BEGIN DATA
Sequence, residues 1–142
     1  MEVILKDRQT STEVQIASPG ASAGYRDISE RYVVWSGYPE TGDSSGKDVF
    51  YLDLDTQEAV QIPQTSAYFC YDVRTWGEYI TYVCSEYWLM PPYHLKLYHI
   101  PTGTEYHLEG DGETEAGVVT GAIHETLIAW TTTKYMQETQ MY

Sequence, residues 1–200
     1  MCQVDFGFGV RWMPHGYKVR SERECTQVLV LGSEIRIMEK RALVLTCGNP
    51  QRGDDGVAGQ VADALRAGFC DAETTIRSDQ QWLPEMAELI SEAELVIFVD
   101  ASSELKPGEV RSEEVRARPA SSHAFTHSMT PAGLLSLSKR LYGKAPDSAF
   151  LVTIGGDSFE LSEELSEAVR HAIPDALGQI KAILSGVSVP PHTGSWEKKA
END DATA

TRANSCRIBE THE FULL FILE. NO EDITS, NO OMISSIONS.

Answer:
Sequence, residues 1–142
     1  MEVILKDRQT STEVQIASPG ASAGYRDISE RYVVWSGYPE TGDSSGKDVF
    51  YLDLDTQEAV QIPQTSAYFC YDVRTWGEYI TYVCSEYWLM PPYHLKLYHI
   101  PTGTEYHLEG DGETEAGVVT GAIHETLIAW TTTKYMQETQ MY

Sequence, residues 1–200
     1  MCQVDFGFGV RWMPHGYKVR SERECTQVLV LGSEIRIMEK RALVLTCGNP
    51  QRGDDGVAGQ VADALRAGFC DAETTIRSDQ QWLPEMAELI SEAELVIFVD
   101  ASSELKPGEV RSEEVRARPA SSHAFTHSMT PAGLLSLSKR LYGKAPDSAF
   151  LVTIGGDSFE LSEELSEAVR HAIPDALGQI KAILSGVSVP PHTGSWEKKA